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Ever felt that your images are missing a certain je-ne-sais-quoi? I remember when I was a proud young shooter, I showed my images to my photography 101 teacher, ready for him to crown me the next best photographer he’s ever seen (Hey I was young). He looked at them, and politely said “They are coming along”.
What. The. Heck dude!? I looked at him in disbelief. I tried some Jedi mind tricks on him; trying to juice some positive note out of him. After a while, it was evident he didn’t want to offend me, I tried pressing him a last time and he gave me the same answer…that my photos were coming along. After thanking him I went my own way, still fooling myself that my stuff I was amazing.
Truth is, he was right, I felt there was something missing from my photographs, I couldn’t put my finger on it, but I knew it. I could see it in other’s images but not mine. I knew my technical photography, I knew the subtleties of composition, I was a graphic designer after all, but there was something that eluded me in photography and I couldn’t figure out what…until something terrible happened.
RRrrrring! A few years ago, I got a call from my aunt, she asked me to call my brother. Apparently my mom had some health issues. I was cool about it, my mom was a cancer survivor, and she sometimes failed here and there, having seizure but never anything major. I dialled my brother promptly.
Yo man! Heard there’s something wrong with mom, what’s up? I asked, ready for the news that she had a seizure episode or something.
He quickly blurted out three words in a rage. I heard the three words I was always afraid of hearing. She. Is. Dead…………. I dreaded hearing those words for years, ever since I knew she had cancer when I was 10.
I remember going to her room hundreds of times, just making sure that her belly was going up and down, meaning she was breathing, still alive. Mental preparedness didn’t mean jack in that moment. She survived cancer, but the Haitian earthquake claimed her.
Typical image before my mom passed away
Way to go brother to break the news, right, right? But I’m digressing. So, why am I telling you this? Well, after the storm calmed a bit, eventually, it dawned on me: I never made any photographs of her.
Before my mother went back to Haiti, she was in the US, but instead of spending time making photos of her, I chose instead to take pictures of buildings and flowers. I then understood something a little too late: My photographs didn’t mean anything to me. I shot because I saw other people shooting (thanks internet!), not because I cared for what I was doing. That “thing” I was missing? It was simple: connection. Connection to my work. I could have made a photograph of my mother that showed how much I loved her, how much I cared. A photograph that only I could have made, but I kept shooting things I didn’t care about.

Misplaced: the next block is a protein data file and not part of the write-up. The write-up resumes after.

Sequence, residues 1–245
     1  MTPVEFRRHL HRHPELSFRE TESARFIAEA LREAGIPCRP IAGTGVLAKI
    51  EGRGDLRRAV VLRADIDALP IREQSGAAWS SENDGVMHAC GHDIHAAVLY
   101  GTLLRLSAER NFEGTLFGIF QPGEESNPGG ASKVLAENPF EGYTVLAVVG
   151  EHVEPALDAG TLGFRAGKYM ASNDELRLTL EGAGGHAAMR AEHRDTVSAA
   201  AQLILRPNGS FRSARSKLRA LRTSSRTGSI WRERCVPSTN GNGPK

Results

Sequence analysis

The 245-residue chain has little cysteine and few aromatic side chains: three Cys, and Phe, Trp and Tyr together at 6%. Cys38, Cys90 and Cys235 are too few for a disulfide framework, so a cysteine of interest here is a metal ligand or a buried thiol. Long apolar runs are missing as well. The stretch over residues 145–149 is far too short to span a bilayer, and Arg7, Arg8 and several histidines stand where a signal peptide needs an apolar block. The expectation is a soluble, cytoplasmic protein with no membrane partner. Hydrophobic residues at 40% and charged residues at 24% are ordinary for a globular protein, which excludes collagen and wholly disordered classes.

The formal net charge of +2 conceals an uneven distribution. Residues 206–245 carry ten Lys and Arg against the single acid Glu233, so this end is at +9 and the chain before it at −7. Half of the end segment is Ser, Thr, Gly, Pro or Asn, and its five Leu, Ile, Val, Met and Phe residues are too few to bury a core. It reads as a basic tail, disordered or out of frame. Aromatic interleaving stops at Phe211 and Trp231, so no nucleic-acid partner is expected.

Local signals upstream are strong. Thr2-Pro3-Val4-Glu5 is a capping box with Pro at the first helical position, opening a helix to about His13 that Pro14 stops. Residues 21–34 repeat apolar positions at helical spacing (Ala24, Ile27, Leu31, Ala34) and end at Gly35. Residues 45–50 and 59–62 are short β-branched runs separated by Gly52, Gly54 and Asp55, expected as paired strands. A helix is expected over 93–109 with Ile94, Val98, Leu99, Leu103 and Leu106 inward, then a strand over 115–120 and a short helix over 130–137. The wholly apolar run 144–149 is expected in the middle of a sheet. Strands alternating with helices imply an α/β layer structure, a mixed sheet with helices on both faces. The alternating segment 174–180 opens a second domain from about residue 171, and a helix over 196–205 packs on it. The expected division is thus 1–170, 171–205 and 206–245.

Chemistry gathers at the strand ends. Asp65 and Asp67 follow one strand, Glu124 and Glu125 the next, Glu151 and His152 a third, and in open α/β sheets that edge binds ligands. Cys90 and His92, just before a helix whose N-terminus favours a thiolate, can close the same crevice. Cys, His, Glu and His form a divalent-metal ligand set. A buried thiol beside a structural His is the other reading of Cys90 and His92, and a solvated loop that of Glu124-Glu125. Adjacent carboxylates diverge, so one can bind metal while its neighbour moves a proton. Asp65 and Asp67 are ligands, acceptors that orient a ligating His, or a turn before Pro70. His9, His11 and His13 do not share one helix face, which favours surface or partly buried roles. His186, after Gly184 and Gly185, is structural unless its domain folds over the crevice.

Please don’t misunderstand, I’m not putting down making photos of flowers and buildings, I’m only saying to be emotionally connected with what you are doing. If you find yourself into photos of flowers and whatnot, by all means do it! Many photographers did, especially later in their life. You have to find your connection to your work. If you think that many landscape photographers fall short of Ansel Adam’s work, it’s really not because he had somehow special gear, it’s because he had a strong, borderline religious connection with Yosemite National Park, he came alive when he was there. Most modern landscape photographers are only interested in the physical landscape, Ansel was interested on making images that recreated the sense of awe and majesty that he felt.
It’s not the technical, the gear, the sharpness that will make you a better photographer. It’s your connection to your work. That’s the magic that no one can replicate. So what’s really missing from your photography? You. Nothing more and nothing less. So far we can’t just plug our brains into another’s to transfer the feelings and emotions we are feeling inside, but can hardly express with words. The closest thing we have to transferring our emotions directly is photography (or art in general), so why spend our time shooting things we don’t care about in the first place?
You can’t fake connection, shooting something that doesn’t mean anything to you will show in the work. What we feel while looking at a photograph is proportional to what the photographer felt when making it…..the big idea is that connection transcends the photograph.
When someone looks at your images, do they see something distinctively you or do they see yet another photographer? It might be easy to get likes by shooting what is expected of a photographer, but it’s much more rewarding to be yourself and connected to your work as a photographer. Trust me, been there, done that!
Be yourself, stay focused and keep on shooting.
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